The Eight Dimensions Of The Multi Dimensional Career Framework That Shows What Employees Really Want

The Eight Dimensions Of The Multi Dimensional Career Framework That Shows What Employees Really Want

As the workplace and the workforce continue to morph, understanding what people are looking for in and from their work has taken on greater significance. When we understand interests and motivations, we’re able to offer an employee experience that generates engagement, taps discretionary effort, promotes productivity, and ensures the retention of top talent.

Our third annual report, Career Development Today: What People Really Want, sheds much-needed light upon what employees prioritized last year and offers organizations and leaders important insights to drive talent-centric strategies and actions this year and beyond.

Data collected in 2023 from more than 3600 respondents worldwide offer a snapshot of the level of interest employees have in the eight dimensions that make up the Multidimensional Career Framework: Contribution, Competence, Connection, Confidence, Challenge, Contentment, Choice, and Climb.

A Bar Graph That Shows What Employees Really Want

What employees are looking for

Since our original pandemic-era study to support my most recent book Promotions Are SO Yesterday, one thing remains clear: When it comes to growth and development, people are looking for considerably more than a new role, title, or promotion. From the beginning, Climb (shorthand for Moving up the corporate ladder) has ranked eighth out of eight in aggregate in terms of survey respondent interest. However, last year, Climb actually appeared dead last in all demographic categories we evaluated – across ages, genders, levels, and industries. This remains helpful and hopeful news for organizations and leaders who want to leverage more intrinsically motivating resources since they have fewer and fewer extrinsically motivating options like promotions to pass around.

Another consistent finding is that in the aggregate, interest in Contribution continues to top the chart. We have a deep human need to add value, make a difference, be of service, and live on purpose – something that can be leveraged toward powerful individual and organizational results.

Competence is holding its second spot in the rankings. People understand that the pace of change is only accelerating. They believe that the half-life of skills is shrinking. And a commitment to ongoing, continuous learning – whether upskilling, reskilling, or pre-skilling – is the only way to future-proof a career.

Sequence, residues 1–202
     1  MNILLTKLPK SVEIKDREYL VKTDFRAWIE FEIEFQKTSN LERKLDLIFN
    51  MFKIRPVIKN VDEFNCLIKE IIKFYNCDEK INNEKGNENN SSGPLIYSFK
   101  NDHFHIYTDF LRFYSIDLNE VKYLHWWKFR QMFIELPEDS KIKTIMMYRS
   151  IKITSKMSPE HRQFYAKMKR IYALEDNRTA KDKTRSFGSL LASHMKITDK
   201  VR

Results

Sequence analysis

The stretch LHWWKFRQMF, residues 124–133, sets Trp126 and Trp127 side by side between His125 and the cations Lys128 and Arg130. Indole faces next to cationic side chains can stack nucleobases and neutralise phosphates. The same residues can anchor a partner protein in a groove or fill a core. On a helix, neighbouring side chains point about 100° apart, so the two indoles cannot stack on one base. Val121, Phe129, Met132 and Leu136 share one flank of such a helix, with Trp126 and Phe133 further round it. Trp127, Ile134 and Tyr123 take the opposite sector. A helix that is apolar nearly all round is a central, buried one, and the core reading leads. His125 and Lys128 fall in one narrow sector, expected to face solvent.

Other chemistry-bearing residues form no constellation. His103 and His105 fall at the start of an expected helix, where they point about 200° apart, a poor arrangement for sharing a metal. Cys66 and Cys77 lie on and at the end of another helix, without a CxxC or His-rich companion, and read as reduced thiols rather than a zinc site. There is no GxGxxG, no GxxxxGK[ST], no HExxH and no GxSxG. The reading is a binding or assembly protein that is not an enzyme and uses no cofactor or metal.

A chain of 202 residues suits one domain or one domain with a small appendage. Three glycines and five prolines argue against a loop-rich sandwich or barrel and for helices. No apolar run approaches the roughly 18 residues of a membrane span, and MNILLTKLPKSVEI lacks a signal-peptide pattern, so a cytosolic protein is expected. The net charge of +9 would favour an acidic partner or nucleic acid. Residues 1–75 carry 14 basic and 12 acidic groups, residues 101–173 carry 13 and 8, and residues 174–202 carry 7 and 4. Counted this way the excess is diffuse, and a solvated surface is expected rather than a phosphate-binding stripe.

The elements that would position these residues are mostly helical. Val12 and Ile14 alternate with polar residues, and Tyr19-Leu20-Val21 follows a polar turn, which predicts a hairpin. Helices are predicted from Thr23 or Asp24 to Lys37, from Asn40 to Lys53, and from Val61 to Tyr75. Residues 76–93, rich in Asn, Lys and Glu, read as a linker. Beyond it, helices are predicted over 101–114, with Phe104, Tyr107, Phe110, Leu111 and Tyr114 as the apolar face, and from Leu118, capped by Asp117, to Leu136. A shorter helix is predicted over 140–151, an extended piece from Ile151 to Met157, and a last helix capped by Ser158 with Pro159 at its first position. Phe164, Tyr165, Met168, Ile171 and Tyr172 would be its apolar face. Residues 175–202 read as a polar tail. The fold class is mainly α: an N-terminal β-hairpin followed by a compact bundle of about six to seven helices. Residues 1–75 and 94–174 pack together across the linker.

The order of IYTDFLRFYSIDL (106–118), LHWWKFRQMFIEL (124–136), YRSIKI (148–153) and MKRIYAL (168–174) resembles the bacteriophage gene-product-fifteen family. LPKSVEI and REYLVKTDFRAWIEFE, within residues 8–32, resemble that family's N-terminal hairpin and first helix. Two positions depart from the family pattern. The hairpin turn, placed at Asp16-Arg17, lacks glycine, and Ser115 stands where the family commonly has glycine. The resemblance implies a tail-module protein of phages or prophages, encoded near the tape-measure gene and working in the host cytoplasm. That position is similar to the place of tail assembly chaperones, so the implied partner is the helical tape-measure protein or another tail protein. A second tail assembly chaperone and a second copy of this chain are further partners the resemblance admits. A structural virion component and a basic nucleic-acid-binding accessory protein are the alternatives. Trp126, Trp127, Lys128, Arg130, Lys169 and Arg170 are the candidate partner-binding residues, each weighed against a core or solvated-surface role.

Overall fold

Given current levels of stress and burnout and the mental health crisis in the workplace, it’s not surprising that Contentment (a desire for greater meaning, satisfaction, ease, and balance) continues to take on greater importance to employees. Whereas Contentment rose to rival the second most interesting dimension (Competence) last year, it actually overtook it for two demographic segments: females as well as manager level and above in the organization. (Supervisors and individual contributors continue to prioritize Competence over Contentment.)

And, perhaps due to shifting labor market dynamics or the uncertain but clearly growing role of AI, interest in Confidence (that sense of trust and assurance in our ability to perform predictably and with ease) is on the rise as well, approaching and perhaps getting ready to overtake Competence in the future (as it did last year for those in the 60+ age range last year).

Interest in Challenge has dropped considerably since our research began, last year to nearly the same lower levels as Connection and Choice. Consistent pressure to do more with less may be causing employees to pursue other goals and avenues for development beyond continuing to raise the bar.

For younger employees (20-29 years), Connection rose slightly in the ranking over Choice, whereas for males, Choice beat out Connection in 2023. Industry analysis offered only minor variations with one exception: the government sector. While these respondents continue to rank Climb last, their top three rankings of Contentment, Confidence, and Competence paint a very different picture of interests when it comes to their work and development.

What does this mean

This research offers an eye-opening view of the range of ways people want to engage with and develop within their work. It challenges the default assumption held by many leaders that everyone wants a promotion and opens the door to a new, deeper, and more opportunity-filled conversation with employees – conversations that can contribute to the experience of fulfillment and growth that people crave – and the organization’s need for sustainable success.

Want to help your employees better understand their interests? Want to understand your own? This complimentary self-assessment offers personalized feedback, insights, and possible development actions.

The post You May Be Surprised at What Employees Really Want appeared first on Julie Winkle Giulioni.

Julie Winkle Giulioni Author, Speaker and Consultant

Julie Winkle Giulioni is a champion for workplace growth and development and helps executives and leaders optimize talent and potential within their organizations. One of Inc. Magazine’s Top 100 speakers, she’s the author of Promotions Are So Yesterday: Redefine Career Development. Help Employees Thrive and the co-author of the international bestseller, Help Them Grow or Watch Them Go: Career Conversations Organizations Need and Employees Want, translated into seven languages.

Julie is a regular columnist for Training Industry Magazine and SmartBrief and contributes articles on leadership, career development, and workplace trends to numerous publications including The Economist.

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